Wednesday, September 21, 2016

Indie Ink Runs Deep: John Smelcer

Every now and then I manage to talk a small press author into showing us a little skin... tattooed skin, that is. I know there are websites and books out there that have been-there-done-that already, but I hadn't seen one with a specific focus on the authors and publishers of the small press community. Whether it's the influence for their book, influenced by their book, or completely unrelated to the book, we get to hear the story behind their indie ink....

Today's ink story comes from John Smelcer. John is the author of over fifty books. His stories, poems, and essays appear in over 500 magazines. For almost a quarter of a century, he has been poetry editor at Rosebud.

Memento Mori: 
My Tattoo Celebrating Life, Death, and Remembrance

Twenty years ago, I had an idea to write a book about the day Jesus was crucified. Everyone knows the story. But this was different. I wanted to tell the story from the point of view of Simon or Cyrene, who the bible says was impressed by Roman soldiers to help carry the heavy cross through the narrow streets of Jerusalem up to Golgotha. Everyone recalls that some unfortunate spectator was ordered to help Jesus along Via Dolorosa, but almost no one ever talks about him, not even in sermons. Simon would have been whipped by the soldiers urging them forward and jeered at and spat upon by bystanders who wouldn’t have known that he was ordered to help at sword point. The flesh on Simon’s shoulder would have been laid bare by the raspy wooden beam as was Jesus’s shoulder (most people don’t think about that wound). Throughout the ordeal, Simon would have been covered in Jesus’s blood. Their blood may have even intermingled. There is no other story in the gospels of Jesus’s blood mixing with someone else’s blood. What would be the repercussions?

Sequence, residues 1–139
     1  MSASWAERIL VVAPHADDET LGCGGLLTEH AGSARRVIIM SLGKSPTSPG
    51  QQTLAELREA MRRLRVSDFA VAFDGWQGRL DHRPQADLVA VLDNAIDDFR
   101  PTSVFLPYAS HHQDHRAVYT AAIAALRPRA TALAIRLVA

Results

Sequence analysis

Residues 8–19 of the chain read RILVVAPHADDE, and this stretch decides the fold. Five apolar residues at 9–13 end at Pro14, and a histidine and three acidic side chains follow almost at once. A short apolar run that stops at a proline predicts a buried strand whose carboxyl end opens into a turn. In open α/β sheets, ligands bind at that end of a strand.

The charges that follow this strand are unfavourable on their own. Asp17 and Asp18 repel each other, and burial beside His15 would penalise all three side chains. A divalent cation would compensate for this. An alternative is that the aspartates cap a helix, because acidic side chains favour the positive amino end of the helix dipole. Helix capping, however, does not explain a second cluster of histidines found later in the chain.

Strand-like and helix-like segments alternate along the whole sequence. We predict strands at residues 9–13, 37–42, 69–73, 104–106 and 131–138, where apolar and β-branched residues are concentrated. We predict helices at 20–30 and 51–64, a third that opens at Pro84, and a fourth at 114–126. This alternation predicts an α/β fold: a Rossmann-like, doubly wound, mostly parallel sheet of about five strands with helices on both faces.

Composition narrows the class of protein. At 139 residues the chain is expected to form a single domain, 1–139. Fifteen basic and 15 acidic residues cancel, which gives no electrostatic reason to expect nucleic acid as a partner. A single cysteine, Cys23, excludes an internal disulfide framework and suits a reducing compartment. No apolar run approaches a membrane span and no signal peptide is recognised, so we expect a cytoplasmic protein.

After two decades of off-and-on writing and research, including taking graduate courses in religion at Harvard University, The Gospel ofSimon, was just released and includes blurbs by folks like Desmond Tutu, the Dalai Lama, Thich Nhat Hanh, Saul Bellow, and even Coretta Scott King. There’s even an interview with W. P. Kinsella, who wrote the novel that was adapted into the Academy Award winning motion picture, Field of Dreams. Having lived with the persistent and profound vision for so many years, and feeling emptiness where it had once consumed me, I felt compelled to have some lasting symbol to remind me of what I had gone through. What says forever better than a tattoo?

That’s a grimace, not a smile.

Tattoo artist Chad Weigert of Why Not Tat2’s in Kirksville, Missouri working on John Smelcer’s shoulder. 

John Smelcer’s Simon and Jesus tat

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